How to Write a Compelling Profile of a Person
A profile is a type of feature story and usually focuses on a person. A profile is a somewhat specific term for a story about a person. It usually focuses on what's important or interesting about that person now. For example, the journalist Gay Talese did a famous profile of Frank Sinatra, called "Frank Sinatra Has a Cold" and spoke to the singer's entourage since Sinatra would not grant an interview.
Although profiles are usually of people, like a celebrity profile, a journalist can also profile an entity, like a sports team or a company. Profiles are popular types of magazine stories but you will also see profiles in newspapers and other publications. The focus of profile features should be:
- on a news angle or an aspect of the person's personal or professional life
- explaining the reasons why the person is newsworthy, relevant and interesting
- based on an interview with the person (not always exclusively)
- include major elements of hard news stories, but also provide readers with details that capture the essence of the person being profiled.
Tips for Writing a Compelling Profile of a Person
Writing a compelling profile involves a few different components. First, the interview portion is often considered the most important aspect of pulling just the right story together. Second, care with putting pen to paper will help you bring the person to live in a way that is genuine, believable and interesting.
And third, crossing your T's and dotting your I's will help tell the story clearly and succinctly. To ensure the three components come together smoothly, here are 10 tips for writing better and more compelling profiles:
- Start off right. Identify yourself, know the rules of attribution, and strive to have sources speak on the record whenever possible.
- Come Prepared. You should always prepare for all interviews ahead of time and plan the list of questions you would like to ask. Some people like to talk and when the conversation starts off right, they may need a little prompting from you to tell their stories. Others may be harder to interview and so it is always a good idea to have a list of questions to carry you through the interview. Either situation asks that you plan ahead and prepare for your interviews well ahead of time.
- Ask open-ended questions and be a good listener. Begin with how or why and don't be afraid of asking follow-up questions such as "can you tell me a little more about..." and "what do you mean by..." Be sure to leave ample time for your interviewee to speak and don't interrupt when he or she is speaking. Listen closely, take notes or record the interview (and be sure tell them before hand that you are recording).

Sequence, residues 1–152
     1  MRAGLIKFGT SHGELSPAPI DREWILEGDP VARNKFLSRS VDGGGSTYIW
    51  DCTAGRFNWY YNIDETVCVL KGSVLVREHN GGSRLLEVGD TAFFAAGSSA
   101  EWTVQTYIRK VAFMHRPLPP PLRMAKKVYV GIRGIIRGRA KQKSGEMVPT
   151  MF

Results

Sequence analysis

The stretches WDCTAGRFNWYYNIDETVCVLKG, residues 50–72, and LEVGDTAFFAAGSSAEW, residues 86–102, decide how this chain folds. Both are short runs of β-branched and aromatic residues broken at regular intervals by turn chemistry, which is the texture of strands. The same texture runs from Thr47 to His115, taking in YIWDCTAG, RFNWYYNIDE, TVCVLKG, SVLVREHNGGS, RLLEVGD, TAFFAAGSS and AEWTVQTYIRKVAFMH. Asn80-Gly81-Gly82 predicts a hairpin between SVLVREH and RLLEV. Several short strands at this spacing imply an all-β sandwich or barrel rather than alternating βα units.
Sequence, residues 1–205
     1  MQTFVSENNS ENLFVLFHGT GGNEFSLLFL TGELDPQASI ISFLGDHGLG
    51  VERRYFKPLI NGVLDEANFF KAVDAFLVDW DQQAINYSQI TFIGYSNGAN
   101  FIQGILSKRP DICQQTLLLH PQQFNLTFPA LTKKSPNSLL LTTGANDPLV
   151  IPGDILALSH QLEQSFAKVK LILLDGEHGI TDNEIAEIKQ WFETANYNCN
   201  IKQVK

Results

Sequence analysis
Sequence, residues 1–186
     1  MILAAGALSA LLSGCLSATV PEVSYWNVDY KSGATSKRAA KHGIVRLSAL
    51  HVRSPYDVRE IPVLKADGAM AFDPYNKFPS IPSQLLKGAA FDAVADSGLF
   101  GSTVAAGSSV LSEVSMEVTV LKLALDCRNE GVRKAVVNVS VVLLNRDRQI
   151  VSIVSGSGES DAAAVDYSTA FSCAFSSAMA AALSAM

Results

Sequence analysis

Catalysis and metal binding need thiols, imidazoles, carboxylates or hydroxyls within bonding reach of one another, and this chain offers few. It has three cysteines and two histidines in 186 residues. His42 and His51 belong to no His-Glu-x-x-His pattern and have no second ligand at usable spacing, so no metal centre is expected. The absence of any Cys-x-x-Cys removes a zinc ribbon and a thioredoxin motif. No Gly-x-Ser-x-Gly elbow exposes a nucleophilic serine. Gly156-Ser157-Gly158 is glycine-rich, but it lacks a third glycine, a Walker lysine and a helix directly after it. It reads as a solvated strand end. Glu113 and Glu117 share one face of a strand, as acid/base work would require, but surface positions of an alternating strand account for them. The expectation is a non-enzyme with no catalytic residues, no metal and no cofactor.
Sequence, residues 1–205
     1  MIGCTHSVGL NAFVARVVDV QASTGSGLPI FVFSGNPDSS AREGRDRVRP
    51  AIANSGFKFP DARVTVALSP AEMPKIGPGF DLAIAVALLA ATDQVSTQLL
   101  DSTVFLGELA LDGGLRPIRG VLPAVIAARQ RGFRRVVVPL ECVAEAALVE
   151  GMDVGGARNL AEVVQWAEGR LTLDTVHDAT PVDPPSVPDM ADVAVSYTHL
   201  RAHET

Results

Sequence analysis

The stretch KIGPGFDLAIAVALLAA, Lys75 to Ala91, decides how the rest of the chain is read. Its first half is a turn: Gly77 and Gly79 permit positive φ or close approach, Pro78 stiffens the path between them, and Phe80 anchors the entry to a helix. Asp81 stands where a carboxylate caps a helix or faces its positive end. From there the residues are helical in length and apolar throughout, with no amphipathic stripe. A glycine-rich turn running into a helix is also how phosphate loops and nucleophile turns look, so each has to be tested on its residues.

- Create an outline. Once you're ready to write, review your notes and mark down the most interesting points and quotes you would like to use to shape your story about this person. Consider what was most surprising and build your story's structure around the peaks and most compelling parts of the conversation.
- Spend extra time at the beginning of your story. Readers will decide whether to keep reading based on your lede and how much you have piqued their interest.
- Write with verbs versus adjectives. Don't describe someone as bitter or an office as sterile, instead describe the details you observed and let the reader envision that person's actions or the characteristics of that office themselves.
- Be strategic with quotations. It can be hard to capture a mood with direct quotes only, so use your own prose and then interject relevant quotes to enhance your point. Be sure to always provide attribution for the quotes that you do use as the reader shouldn't have to ever wonder who is talking.
- Watch for gaps. Are there gaping holes in your story or questions that you have not answered? Ask another wordsmith to read your story and tell you if they are left with more questions than answers at the end of reading your piece.
- Don't end with a conclusion. Instead, consider featuring a particularly resonant quote for the last sentence. Let the person you are profiling be the last voice your readers hear.
- Edit, check for accuracy and proofread. Once you have finished writing, go back through your work with a fine tooth comb for spelling or grammatical mistakes. Check that you have spelled names correctly, gotten titles right. Also, check and recheck your facts — if you can't verify something, it's probably best to leave it out.
How do I write an outline?
This outline will help you write a five paragraph essay for a narrative format. However, you can easily organize your question and answer format essay using this outline as well.
Start with a humorous or interesting anecdote or fact that the person told you.
Thesis statement: A thesis statement is one sentence that tells who was interviewed, his or her title, and why you interviewed the person. Basically, what do you plan to tell your reader about this person? This must be in the introduction, and you must spell the person's name correctly. Read this article on how to write a thesis statement for more help.
II. Body paragraph 1: One big idea you learned
III. Body paragraph 2: Second big idea you learned
IV. Body paragraph 3: Third big idea you learned
V. Conclusion: You need to wrap up your essay by summarizing and writing some concluding remarks about the person.